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From "C. Grobmeier" <>
Subject Re: [compress] Interface is ready
Date Tue, 04 Apr 2006 08:27:33 GMT
Hash: SHA1

Hello Sandy,

thousand thanks for your comments and the time you have spent for this.
I will work through this all and prepare another draft soon.

Thank you very much,

> The following is a stream of things I don't think are right in the
> order I observe them while skimming the code. I've never used the
> compress code so excuse any suggestions that miss the point.
> * Archiver: too many overloaded methods. Especially with setters.
> Having setFoo(File) and setFoo(String) will breaks the JavaBean
> property conventions and could cause problems with scripting tools. If
> you're going to do something like this then use different names eg:
> setDestinationFile(File) and setDestinationFilename(String) and let
> the latter be a virtual property that really just creates a new File
> and calls setDestinationFile(File).
> * Archive: doesn't do much, only contains one static method:
> getInstnace(ArchiverType). Because it's static you cannot subclass it
> so there is no way to extend it's behavior for when someone else want
> to implement CabArchiver. The type-safe enum example I gave in the
> other email makes this class unnecessary.
> * ArchiveType/CompressorType: make them type safe enums. Actually I
> think it's a mistake to distinguish between Archive types and
> Compression types. Making them separate you have one library that does
> two things and I think you should treat them as one thing and do that
> one thing well or have two libs that each do one thing.
> * TarConstants: is package scoped and, with the exception of one line
> in TarOutputStream, is only used by TarEntry. It looks to me the logic
> in TarOutputStream that uses TarConstansts could be easily pushed into
> TarEnrty and then the constants in TarConstants should be moved to
> where they are used.
> * TarInputStream: skimming it I don't it. It looks like it's taking
> the InputStream concept and corrupting it with the notion of many
> separate streams for each file in one stream. This is confusing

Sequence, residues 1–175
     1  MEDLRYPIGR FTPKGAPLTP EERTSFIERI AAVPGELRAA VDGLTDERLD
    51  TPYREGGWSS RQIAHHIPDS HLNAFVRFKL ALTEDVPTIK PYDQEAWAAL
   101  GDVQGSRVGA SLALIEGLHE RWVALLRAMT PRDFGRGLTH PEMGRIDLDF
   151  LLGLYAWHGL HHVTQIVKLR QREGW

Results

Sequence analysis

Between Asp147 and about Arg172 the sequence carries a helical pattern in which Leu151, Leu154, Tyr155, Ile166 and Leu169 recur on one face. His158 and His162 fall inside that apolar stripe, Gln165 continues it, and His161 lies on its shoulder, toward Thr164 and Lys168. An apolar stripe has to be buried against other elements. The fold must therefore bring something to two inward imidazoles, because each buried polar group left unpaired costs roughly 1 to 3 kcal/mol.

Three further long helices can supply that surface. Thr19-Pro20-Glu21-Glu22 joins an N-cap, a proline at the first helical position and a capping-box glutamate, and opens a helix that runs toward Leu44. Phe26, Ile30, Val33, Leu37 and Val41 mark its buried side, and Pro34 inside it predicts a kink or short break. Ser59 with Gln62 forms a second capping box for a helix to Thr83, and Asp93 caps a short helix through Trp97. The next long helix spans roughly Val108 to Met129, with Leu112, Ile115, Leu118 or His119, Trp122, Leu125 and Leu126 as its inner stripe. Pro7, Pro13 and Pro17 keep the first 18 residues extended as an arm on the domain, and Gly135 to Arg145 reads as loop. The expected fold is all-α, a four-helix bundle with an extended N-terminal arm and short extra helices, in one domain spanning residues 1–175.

> because it doesn't fit the expectations of an InputStream. IMO it
> should be it's something similar to an Iterator that takes a raw
> InputStream and provides a way to get at metadata sequentially from
> the raw InputStream. From the meta data you should be able to get an
> InputStream which is just for that file in the archive.
> * TarOutputStream: Same problem as TarInputStream but with an
> OutputStream. Because TarOutputStream subclasses OutputStream it makes
> write methods available. But using these methods are dangerous because
> if you write a different number of bytes than what was passed when
> putNextEntry(TarEntry) was called you corrupt the archive. A good API
> doesn't let the programmer make mistakes. I'd change this to be it's
> own object type that accepts TarEntrys with all the needed to add a
> file in one step that either succeeds or fails.
> * TarInputStream/TarOutputStream: I don't see why these classes should
> be public. Making them package private would make me care less what
> they are because they aren't part of the public API and can be changed
> at will.
> * ZipLong, ZipShort: these are both public, and I don't see why they
> need to be. They are only used inside the package with the exception
> of 3 places ZipShort is used as a parameter type in a public method. I
> don't see why those ZipShorts cannot be converted to shorts for the
> public API and both of them made package private.
> * ZipOutputStream: has the same problems as TarOutputStream.
> * every class in this package is public, I
> don't think they all need to be.
> * compress.compressors.bzip2: This package seems fine. I don't get why
> CBZip2InputStream and CBZip2OutputStream start with the letter "C"
> though.
> * compress.exceptions: I don't get why the exceptions are segregated
> to their own package. Javadoc already keeps them separated so there
> isn't a need to put them in their own package. I'd put them in the
> compress package or a package closer to where they are used.
> --
> Sandy McArthur
> "He who dares not offend cannot be honest."
> - Thomas Paine
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